It’s not good or bad to realize you’re so driven because you want to prove something to someone, but it’s good to think about this and understand why we might be obsessed with grades or exercise or being a helicopter parent, or anything.
6. Who is in your social circle and why?
Why do you choose to surround yourself with the people in your life? What do they add to your life?
7. If you asked your friends who they think you are, what would they say? Would you agree?
This is interesting because it could show you if you are living in your essence or not. It’s kind of tricky though because remember that Hauge said that characters believe that their fake identity is real. You might be glad that your friends describe you a certain way if you believe that is who you are. But is that what you portray to the world, or that who you really are?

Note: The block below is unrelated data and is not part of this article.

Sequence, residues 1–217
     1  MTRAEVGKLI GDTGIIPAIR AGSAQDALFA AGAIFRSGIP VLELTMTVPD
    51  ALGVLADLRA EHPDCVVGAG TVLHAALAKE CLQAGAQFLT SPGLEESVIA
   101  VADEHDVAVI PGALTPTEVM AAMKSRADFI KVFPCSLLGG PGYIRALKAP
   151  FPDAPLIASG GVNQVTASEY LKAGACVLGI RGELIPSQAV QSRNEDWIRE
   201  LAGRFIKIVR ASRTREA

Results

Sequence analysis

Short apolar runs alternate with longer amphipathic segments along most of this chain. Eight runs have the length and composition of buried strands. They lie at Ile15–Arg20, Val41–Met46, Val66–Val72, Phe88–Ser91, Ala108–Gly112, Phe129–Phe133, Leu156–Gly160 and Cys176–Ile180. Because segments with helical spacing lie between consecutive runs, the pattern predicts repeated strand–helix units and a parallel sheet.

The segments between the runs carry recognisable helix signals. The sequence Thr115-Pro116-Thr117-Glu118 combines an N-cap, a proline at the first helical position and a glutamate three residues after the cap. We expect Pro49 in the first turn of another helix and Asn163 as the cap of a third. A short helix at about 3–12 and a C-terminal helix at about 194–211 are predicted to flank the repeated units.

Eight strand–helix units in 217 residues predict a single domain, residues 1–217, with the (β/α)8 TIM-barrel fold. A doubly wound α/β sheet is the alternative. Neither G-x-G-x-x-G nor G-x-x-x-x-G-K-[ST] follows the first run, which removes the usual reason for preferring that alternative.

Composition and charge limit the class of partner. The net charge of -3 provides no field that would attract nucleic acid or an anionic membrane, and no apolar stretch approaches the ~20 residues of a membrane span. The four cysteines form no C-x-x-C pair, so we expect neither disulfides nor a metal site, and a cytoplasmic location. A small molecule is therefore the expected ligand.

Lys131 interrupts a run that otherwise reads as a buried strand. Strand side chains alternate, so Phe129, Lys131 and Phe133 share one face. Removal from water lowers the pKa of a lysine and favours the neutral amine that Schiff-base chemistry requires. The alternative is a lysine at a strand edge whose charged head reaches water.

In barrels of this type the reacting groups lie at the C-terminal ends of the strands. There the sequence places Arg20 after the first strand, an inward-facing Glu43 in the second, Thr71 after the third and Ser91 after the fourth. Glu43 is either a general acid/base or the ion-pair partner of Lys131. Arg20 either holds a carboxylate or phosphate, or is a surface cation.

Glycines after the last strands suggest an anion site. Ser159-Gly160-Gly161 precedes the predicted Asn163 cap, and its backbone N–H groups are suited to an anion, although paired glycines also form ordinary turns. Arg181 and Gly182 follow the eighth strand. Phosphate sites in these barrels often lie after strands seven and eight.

These are just a few questions, and there are many more I could ask, but it’s a good start to understanding who you are. Notice that I didn’t ask you what you think your strengths are or what music do you like to listen to, or what are you passionate about. These questions ultimately do not tell us much about ourselves.
Will All of This Make Me a Better Writer?
To deeply understand who you are will help you to choose the right genre. It will help you choose the themes of your books. It will help you to create realistic characters.
Great writers are not defined by the type of writing they choose. It doesn’t matter if they are writing literary fiction or commercial fiction. Great writers are defined by if they had something to say. I’ve read many novels that had something profound to say, and I closed the book thinking that the author really understood pain, abandonment, loss, love, humility, or whatever the writer showed in the story.
And no doubt, that writer understood the feeling or emotion because she had experienced it and knew herself well.
Take the time to know yourself, and you will know who you are as a writer and what you should be writing.
Have a story to tell? Want to learn how to record personal experiences before they’re lost or write a novel? Let started by downloading for free Julia Amante’s “Free Your Story” framework.